Sections

Weather Forecast

Close
Advertisement

Spring flooding: F-M area on 'Red' alert, but diversion should keep West Fargo safe

Email Sign up for Breaking News Alerts
News Fargo,North Dakota 58102 http://www.westfargopioneer.com/sites/all/themes/westfargopioneer_theme/images/social_default_image.png
West Fargo Pioneer
(701) 241-5487 customer support
Spring flooding: F-M area on 'Red' alert, but diversion should keep West Fargo safe
Fargo North Dakota 101 5th Street North 58102

Here we go again; another wet spring, another flooding Red River of the North.

With a 37- to 39-foot crest forecast by the National Weather Service expected to hit sometime this weekend, the race is on to protect our cities.

Advertisement
Advertisement

In an eerily similar fashion as last year's record flood, the Fargo-Moorhead area and surrounding communities are preparing for the onslaught of excess water. Dikes are being erected, sandbags are being filled, and sump-pumps are on full blast.

One city that can breathe a bit easier, however, is West Fargo. Though it is further away from the Red River than its close sister cities, West Fargo still must deal with the Sheyenne River, which runs right through its heart.

According to the city Web site, "As of 10 a.m. on Monday, March 15 - the Sheyenne Diversion is operating as expected. 

"Given the rapid rise in the Sheyenne River, we have reached flood stage and the gates are closed and the river is flowing around West Fargo."

West Fargo City Engineer Kevin Bucholz reiterated the importance the diversion has for the city.

"Without it, we'd have a significant flood fight on our hands," he said "We've been fortunate since it was built in '92."

Last year, work was done to add riprap to the diversion, and rumors spread that somehow the diversion was compromised. But Bucholz said there is nothing wrong with West Fargo's biggest flood-fighting weapon.

"In general, things are operating as they are supposed to be," he said. "It has operated every year since 1992, so it needs maintenance. Kind of like a car: if you have it for a while, you eventually need to change the oil."

The cities of Horace and Harwood also have protection from floodwaters.

"Horace is protected by the Horace diversion, which ties into the West Fargo diversion. Harwood has a (Army Corp of Engineers) project that protects it to an extent," Bucholz said.

He added that the National Weather Service put out notices about the rise in water levels of the Sheyenne, but the public shouldn't be alarmed.

"In this immediate area of the Sheyenne, between Harwood and Horace it did; it rose," he said. "And then it went into the diversion, and that's what it's supposed to do."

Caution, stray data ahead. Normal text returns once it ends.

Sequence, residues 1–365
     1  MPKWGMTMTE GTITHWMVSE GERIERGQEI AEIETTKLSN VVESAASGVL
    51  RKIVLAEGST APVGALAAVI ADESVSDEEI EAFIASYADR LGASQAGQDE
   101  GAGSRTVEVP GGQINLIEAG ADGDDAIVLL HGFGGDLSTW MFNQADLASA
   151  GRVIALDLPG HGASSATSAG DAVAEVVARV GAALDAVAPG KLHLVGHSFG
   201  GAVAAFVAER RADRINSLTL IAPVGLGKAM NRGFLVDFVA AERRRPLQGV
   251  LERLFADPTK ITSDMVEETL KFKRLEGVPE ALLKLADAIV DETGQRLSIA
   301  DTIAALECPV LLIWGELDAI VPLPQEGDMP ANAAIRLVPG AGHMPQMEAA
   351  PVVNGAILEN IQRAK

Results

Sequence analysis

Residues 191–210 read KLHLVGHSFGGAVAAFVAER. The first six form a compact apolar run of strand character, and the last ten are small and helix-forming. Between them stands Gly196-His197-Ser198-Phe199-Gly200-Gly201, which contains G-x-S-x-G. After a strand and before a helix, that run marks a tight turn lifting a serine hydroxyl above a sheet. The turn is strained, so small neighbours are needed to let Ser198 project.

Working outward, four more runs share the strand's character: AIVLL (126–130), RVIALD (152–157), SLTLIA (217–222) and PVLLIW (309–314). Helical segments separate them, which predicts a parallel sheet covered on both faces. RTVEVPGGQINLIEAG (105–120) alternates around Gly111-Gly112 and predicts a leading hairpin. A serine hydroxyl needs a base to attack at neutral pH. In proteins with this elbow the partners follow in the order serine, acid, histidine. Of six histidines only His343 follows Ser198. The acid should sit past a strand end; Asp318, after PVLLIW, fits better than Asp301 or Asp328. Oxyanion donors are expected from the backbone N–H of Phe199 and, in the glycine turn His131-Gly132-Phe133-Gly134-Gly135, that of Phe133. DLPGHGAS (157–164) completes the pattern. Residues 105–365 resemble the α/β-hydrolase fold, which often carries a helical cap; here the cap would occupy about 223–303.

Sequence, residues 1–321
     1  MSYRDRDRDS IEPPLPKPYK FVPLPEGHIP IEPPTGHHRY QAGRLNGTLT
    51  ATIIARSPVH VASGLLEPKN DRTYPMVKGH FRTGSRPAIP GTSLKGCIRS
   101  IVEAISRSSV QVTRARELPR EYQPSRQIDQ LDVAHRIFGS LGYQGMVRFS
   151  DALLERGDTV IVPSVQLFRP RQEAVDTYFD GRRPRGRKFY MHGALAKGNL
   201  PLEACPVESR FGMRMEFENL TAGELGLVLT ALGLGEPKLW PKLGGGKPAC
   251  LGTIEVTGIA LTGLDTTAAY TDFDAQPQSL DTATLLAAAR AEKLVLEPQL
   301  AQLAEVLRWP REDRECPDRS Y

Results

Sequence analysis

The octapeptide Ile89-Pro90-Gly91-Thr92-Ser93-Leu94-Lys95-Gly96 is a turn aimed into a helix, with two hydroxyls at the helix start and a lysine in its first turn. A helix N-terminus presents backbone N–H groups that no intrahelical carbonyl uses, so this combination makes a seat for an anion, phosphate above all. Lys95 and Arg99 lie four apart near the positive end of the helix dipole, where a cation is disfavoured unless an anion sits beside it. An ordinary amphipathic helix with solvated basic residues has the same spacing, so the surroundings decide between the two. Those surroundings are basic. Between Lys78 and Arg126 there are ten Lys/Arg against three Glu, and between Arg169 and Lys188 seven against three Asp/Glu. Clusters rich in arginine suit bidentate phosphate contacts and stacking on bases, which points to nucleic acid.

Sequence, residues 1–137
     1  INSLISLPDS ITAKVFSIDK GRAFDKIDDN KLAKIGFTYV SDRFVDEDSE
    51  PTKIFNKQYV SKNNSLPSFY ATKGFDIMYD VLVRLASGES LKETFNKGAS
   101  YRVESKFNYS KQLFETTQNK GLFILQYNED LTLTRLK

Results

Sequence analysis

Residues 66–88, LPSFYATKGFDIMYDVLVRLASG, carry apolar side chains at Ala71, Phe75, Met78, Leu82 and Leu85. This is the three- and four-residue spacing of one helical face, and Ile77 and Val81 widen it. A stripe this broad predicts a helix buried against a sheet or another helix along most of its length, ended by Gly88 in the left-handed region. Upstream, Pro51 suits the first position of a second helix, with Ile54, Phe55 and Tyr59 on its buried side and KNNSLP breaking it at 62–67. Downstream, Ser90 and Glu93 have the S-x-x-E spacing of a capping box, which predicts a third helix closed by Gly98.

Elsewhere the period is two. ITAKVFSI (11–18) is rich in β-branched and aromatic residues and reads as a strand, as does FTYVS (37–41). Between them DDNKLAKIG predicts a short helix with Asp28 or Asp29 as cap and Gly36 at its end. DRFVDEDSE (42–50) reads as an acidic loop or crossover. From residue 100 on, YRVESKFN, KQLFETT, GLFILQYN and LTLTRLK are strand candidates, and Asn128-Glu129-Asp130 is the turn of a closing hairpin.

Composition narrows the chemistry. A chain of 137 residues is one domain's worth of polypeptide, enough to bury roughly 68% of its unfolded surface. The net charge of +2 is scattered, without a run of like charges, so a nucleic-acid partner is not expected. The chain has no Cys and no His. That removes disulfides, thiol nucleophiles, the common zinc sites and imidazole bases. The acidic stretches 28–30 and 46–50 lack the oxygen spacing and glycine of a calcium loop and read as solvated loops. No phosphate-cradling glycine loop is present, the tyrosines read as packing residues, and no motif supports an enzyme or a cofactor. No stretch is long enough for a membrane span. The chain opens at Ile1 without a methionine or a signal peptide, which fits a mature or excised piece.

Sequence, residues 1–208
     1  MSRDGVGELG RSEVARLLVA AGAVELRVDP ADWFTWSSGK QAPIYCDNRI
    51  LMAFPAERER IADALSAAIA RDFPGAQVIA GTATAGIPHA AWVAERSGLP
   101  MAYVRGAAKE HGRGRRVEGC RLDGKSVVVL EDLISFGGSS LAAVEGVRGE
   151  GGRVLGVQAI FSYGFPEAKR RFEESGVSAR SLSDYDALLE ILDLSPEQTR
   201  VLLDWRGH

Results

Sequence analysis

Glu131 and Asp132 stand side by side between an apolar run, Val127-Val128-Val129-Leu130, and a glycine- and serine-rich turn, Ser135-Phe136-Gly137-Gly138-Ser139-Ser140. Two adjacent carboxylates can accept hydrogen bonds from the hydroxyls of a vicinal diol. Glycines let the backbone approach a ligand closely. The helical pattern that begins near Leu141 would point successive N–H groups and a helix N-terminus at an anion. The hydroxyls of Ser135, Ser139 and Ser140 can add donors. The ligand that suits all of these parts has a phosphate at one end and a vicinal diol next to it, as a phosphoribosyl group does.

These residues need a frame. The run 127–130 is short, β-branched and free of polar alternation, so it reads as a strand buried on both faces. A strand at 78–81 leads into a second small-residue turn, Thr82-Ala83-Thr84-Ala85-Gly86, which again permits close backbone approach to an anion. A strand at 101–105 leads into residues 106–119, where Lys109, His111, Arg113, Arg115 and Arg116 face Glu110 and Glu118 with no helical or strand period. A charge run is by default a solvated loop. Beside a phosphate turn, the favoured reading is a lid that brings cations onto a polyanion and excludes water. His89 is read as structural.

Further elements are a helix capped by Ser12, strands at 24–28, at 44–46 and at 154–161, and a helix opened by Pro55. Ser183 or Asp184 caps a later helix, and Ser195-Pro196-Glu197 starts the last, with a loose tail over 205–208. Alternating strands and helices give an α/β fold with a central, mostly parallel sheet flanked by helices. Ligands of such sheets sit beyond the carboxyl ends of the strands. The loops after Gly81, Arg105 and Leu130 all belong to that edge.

For the foreseeable future, the diversion will give much-needed protection to West Fargo and the surrounding community. Bucholz also said that people should keep their eyes peeled, and report anything out of the ordinary.

"It's good that people are aware and if they see something, they contact the city: If they see an ice jam, for instance," he said.

Lend a hand

For West Fargo residents who should exit Flood 2010 unscathed, they may wish to help out neighbors less fortunate.

Sandbags still are needed, and volunteers from around the region are being asked to step forward. Here's a list of ways you can help:

• In West Fargo, ninth- through 12th-grade students can volunteer today (Wednesday) to work 2 1/2-hour shifts. Buses will leave West Fargo High School for the first shift at 8:45 a.m. and 12:45 p.m. for the second shift. A third shift at 4:45 will take off if interest is high. Parents must sign consent forms to have their students participate.

• The push to finish levees in Fargo began today (Wednesday) and will run through Friday. The first neighborhoods to get sandbags will be Harwood Groves, Hackberry Drive, River Drive and River Vili. Shuttles began Tuesday, and will run from 9 a.m. to 7 p.m. at First Assembly of God Church, 3401 25th Street S. to take volunteers to areas needing dikes built.

• Cass County Government established a call center for the flood. Rural residents are encouraged to call 701-287-6000 for all flood-related questions.

• The Cass County government also is seeking volunteers to construct sandbag levees in rural areas. Volunteers are asked to go to the Urban Plains Center, where buses will be available to shuttle them to appropriate sites. Buses will run from 8 a.m. to 7 p.m. throughout the day.

• West Fargo-area residents who need more information can call 701-433-5400. Fargo residents should call 701-476-4199. Volunteers can call the volunteer hotline at 701-476-4000.

• "Sandbag Central" will be open from 8 a.m. to 10 p.m. through Saturday. To volunteer, take a shuttle from the Fargo Coliseum, 807 17th Ave. N.

Advertisement
Advertisement
Advertisement
randomness